The Gaston Regional Chamber’s 12th annual Salute to Business and Manufacturing celebrated the stellar 50-year career of Tom Watson Jr., owner of Watson Insurance, and the contributions hometown health care provider CaroMont Health makes to Gaston County.

Thursday’s black-tie event was held at the Schiele Museum’s Matthews Belk Cannon Environmental Studies Center.

“It’s important to pause, step back, honor and recognize those things we value in this community,” said Ann Hoscheit, chairwoman- elect of the chamber’s board of directors. “This event does exactly that. It celebrates our manufacturing legacy and sends a message of appreciation to our local businesses, their leaders and their employees.”

‘Humbling honor’

Watson, who’s been in the insurance business since 1965, brought home the chamber’s Spirit of the Carolinas Award. He’s helped grow the tiny firm his father founded in the 1930s to 70 employees today.

“This is just a special, humbling honor,” Watson said. “We’ve been really, really fortunate over the years.”

Since the mid-1960s, Watson has seen massive changes in the insurance industry, including a growing reliance on technology that radically simplified how firms like his serve customers. He’s also weathered disasters like a tornado outbreak in 1974 and Hurricane Hugo in 1989.

The secret to his success? Hoscheit said it is Watson’s ability to create personal relationships with his customers, his commitment to employees and his desire to give back that has allowed him to thrive over the past five decades.

Overcoming adversity

CaroMont Health was recognized with the chamber’s Spirit of the Economy Award.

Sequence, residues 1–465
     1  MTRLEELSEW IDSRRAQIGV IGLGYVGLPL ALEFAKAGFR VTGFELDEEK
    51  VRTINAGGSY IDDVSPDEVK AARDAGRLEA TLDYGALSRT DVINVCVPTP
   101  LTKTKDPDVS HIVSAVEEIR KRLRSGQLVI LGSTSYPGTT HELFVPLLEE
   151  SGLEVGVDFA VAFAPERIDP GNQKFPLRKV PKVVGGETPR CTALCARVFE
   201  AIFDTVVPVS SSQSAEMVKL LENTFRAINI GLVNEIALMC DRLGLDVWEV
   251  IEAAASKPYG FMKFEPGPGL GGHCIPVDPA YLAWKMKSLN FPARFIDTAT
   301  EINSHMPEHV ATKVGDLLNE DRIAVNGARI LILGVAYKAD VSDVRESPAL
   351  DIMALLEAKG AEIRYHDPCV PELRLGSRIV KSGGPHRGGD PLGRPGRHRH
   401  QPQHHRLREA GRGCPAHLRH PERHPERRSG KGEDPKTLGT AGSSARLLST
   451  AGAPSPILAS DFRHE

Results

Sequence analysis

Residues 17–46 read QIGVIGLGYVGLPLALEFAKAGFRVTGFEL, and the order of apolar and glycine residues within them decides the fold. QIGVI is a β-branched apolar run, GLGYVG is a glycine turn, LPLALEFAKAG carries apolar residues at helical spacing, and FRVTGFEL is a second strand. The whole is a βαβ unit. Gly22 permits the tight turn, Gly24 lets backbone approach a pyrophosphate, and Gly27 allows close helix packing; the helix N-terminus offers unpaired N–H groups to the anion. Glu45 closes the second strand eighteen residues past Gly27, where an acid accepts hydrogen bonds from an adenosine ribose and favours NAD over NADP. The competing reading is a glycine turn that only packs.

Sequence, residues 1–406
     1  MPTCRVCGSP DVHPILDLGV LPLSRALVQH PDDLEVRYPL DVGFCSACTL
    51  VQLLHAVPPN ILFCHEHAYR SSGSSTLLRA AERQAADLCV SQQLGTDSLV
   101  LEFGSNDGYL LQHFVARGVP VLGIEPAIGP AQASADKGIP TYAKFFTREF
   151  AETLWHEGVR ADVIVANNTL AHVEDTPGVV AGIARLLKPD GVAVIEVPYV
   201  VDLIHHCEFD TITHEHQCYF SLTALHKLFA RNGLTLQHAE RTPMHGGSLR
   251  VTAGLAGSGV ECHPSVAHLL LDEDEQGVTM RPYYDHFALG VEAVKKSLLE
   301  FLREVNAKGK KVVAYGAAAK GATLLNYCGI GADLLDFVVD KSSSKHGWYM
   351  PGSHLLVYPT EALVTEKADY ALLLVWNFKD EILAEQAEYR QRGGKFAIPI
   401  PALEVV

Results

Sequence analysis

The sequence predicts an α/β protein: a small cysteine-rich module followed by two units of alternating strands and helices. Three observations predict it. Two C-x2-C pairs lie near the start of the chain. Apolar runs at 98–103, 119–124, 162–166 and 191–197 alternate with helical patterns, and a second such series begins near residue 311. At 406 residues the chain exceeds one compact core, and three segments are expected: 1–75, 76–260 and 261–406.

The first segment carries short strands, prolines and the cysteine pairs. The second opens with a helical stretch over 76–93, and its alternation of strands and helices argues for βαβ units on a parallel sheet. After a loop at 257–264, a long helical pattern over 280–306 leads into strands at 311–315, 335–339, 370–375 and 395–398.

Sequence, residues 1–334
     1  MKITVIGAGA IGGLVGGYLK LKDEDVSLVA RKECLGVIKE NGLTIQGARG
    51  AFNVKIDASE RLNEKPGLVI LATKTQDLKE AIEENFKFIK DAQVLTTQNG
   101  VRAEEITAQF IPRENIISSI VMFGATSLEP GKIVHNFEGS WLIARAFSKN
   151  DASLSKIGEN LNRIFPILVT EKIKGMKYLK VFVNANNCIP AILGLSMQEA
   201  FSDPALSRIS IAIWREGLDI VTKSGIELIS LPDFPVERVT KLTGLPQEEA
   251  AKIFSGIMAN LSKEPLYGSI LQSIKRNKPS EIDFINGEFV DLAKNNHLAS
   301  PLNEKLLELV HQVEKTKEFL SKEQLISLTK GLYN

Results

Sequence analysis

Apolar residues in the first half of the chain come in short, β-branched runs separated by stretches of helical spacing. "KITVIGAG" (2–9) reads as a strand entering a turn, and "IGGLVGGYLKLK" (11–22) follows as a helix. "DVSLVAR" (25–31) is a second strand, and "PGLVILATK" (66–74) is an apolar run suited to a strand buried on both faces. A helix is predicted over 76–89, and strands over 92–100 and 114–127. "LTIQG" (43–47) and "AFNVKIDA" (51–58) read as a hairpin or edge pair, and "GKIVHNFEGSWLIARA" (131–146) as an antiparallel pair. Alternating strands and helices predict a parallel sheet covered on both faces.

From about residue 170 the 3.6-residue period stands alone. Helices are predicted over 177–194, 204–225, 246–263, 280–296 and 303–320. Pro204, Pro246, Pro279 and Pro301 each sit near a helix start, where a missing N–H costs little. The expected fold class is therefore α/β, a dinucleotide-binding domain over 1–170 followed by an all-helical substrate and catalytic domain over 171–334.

“It is challenging to think of a business that has a greater impact on our community,” Hoscheit said. “Whether a person receives their health care from a CaroMont doctor or facility, we all benefit from their presence.”

The nonprofit has bounced back just a year after a series of company decisions — including changing the names of Gaston Memorial Hospital to CaroMont Regional Medical Center and a controversial marketing campaign — drew fire from patients, employees and the community.

“What a special, special honor this is,” CaroMont Health CEO Doug Luckett said. “As a local award, this means more than you could possibly imagine.” Luckett was named CaroMont’s CEO in October 2013. “I admire Doug Luckett … as a visionary leader, but even more so as a man who understands and values relationships,” Hoscheit said. “He is among the best bridge builders I know.”

Hoscheit emphasized the necessity for CaroMont to remain independent and why Gaston County should care about the organization’s future.

“Locally based health care means we have access to specialty services,” Hoscheit said. “As
one of the largest employers in our county, we could lose hundreds of jobs if we were merely a satellite to a larger system.”